In the life of all companies, there comes a necessary time for change. Companies aren’t able to survive if they don’t adapt to needs of their employees, customers, or other stakeholders. Your company’s relationship with your employees is vital. A company is dependent on the employees’ contributions and performance, so focusing time and energy on making sure employees are working hard and being adequately reciprocated is important. When problems arise that interfere with work performance or employee well-being, leaders need to intervene. Interventions at work can come in a variety of forms such as team-building training, stress management workshops, or institution of new policies. Other more minor problems may simply need a group or individual conference to address concerns. An intervention to correct a problem or institute a change can be great for a company if you do it in the right way. If a company has a poor approach to their intervention, however, it can be disastrous.
So how should you go about fixing problems or starting a change at work? A simple, yet often neglected, place to start is the framework of how you address a problem and propose a solution. Think back to when problems came about in High School relationships. There was always that classic line of, “It’s not you… It’s me.” While we might all think this is a cheesy way of trying not to sound like a jerk, there might be more to it than that. While we all hated to hear that phrase, it made us feel a little better than someone saying this is entirely your fault. The same thing can apply when dealing with our workers. For example, what if your sales have dropped marginally in the last month and you need to do something about it immediately? What do you think will happen if you go out and tell your employees, “Your sales skills are terrible.”? That won’t produce the outcome you are searching for. Changing your approach to, “Our company sales have been lower than usual. Let’s brainstorm what we can do to help you improve”, your employees will not feel as negatively about the situation and be more open to suggestions and motivated to do something about it.
Taking the causality further …No one likes to be the cause of a problem, and in the business world most problems don’t have one single point for blame. There is so much more that attributes to an individual’s performance than just their personal strengths and weaknesses. Social and economic forces can be strong in many industries. Co-workers, supervisors, and other important people outside of the office can also be influential. So take the necessary time to really think about the problem going on in your office. If your manufacturing company isn’t producing enough products, think through the issue and peel the onion. Are there situational constraints, such as equipment getting old and faulty? Ask your employees about it to gain their perspective. You might discover there are organization-wide issues… like incivility, feelings of injustice, or lack of teamwork that need to be addressed.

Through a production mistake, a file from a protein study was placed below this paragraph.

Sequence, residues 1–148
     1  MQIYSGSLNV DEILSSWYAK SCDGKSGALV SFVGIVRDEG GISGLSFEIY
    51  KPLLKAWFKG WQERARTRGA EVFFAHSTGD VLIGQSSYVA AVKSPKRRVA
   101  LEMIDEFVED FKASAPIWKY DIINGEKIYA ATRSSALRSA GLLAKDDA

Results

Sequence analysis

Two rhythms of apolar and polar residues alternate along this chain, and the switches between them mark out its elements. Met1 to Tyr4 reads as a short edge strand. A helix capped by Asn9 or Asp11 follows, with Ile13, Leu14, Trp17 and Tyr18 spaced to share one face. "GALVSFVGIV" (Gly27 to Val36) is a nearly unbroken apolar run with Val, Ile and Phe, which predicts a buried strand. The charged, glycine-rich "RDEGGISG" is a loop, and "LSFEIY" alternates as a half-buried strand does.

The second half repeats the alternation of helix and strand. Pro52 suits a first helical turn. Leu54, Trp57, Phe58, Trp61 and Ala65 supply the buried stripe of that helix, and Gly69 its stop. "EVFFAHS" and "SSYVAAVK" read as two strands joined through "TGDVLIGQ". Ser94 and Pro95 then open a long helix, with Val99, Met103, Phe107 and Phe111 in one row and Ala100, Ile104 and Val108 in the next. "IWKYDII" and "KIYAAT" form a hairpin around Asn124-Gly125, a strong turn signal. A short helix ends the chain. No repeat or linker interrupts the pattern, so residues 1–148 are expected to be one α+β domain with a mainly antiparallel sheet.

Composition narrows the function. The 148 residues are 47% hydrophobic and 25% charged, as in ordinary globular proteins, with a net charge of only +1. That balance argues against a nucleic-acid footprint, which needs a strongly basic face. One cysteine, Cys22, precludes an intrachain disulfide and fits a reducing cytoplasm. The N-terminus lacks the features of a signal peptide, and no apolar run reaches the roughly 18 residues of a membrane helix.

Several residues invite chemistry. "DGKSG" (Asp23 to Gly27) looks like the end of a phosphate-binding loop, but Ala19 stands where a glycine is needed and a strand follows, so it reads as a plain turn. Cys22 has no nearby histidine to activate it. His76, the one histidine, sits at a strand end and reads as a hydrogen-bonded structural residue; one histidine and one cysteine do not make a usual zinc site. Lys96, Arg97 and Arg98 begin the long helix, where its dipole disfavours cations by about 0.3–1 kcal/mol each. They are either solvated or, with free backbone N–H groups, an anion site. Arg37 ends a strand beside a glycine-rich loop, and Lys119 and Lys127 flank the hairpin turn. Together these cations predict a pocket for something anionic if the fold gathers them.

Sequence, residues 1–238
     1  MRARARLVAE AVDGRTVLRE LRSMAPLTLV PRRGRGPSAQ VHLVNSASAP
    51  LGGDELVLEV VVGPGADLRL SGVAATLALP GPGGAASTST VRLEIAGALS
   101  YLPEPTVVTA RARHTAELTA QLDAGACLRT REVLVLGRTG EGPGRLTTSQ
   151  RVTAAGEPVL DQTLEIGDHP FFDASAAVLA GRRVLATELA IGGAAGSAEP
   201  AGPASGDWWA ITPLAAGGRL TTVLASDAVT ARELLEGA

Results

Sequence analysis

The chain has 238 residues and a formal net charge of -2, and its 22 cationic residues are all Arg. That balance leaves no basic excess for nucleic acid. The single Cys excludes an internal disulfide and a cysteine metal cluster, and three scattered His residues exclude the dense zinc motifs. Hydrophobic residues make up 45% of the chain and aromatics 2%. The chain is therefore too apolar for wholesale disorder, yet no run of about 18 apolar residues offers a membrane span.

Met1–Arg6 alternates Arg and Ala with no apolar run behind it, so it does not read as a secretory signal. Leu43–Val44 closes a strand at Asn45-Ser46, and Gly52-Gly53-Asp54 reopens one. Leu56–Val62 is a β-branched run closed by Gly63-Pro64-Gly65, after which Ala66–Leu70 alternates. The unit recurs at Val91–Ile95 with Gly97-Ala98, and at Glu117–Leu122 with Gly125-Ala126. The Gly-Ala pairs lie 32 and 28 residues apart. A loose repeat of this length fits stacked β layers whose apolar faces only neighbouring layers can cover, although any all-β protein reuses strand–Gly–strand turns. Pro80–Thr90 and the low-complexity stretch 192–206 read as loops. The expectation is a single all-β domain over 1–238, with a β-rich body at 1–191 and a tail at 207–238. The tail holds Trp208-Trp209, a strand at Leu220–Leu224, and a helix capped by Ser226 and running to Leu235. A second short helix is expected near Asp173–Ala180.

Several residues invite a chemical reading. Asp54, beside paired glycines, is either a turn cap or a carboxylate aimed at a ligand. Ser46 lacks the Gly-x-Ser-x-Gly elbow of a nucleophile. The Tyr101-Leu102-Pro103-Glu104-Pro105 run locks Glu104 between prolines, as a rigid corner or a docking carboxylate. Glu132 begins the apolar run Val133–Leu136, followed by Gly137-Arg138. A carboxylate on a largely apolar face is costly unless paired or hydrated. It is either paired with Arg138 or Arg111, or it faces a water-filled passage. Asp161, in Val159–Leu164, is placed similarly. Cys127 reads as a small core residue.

Whatever you find is the root of the problem, getting the full picture and taking perspectives of those involved will result in a much more effective way to intervene to fix it. It is critical to keep in mind all of the factors within and outside of the company that can affect individual employees. And when you are in doubt of what is really going on with an issue, ask the employees. They should know what’s going on in their day-to-day jobs better than you do, so they can be an invaluable reference point, often overlooked by executives. Whether the problem is decreased sales, negative interpersonal interactions, or production errors, pay attention to the issue and take action if necessary. Organizational issues will rarely disappear on their own, so don’t ignore the need for adjustments or change. When you see an opportunity to fix a problem or enhance the employee or customer experience, take advantage of it. Beyond problem-solving, be proactive when you have an idea that could really boost production and employee well-being. Even the most modest of adjustments can help the organization grow and thrive in the changing world.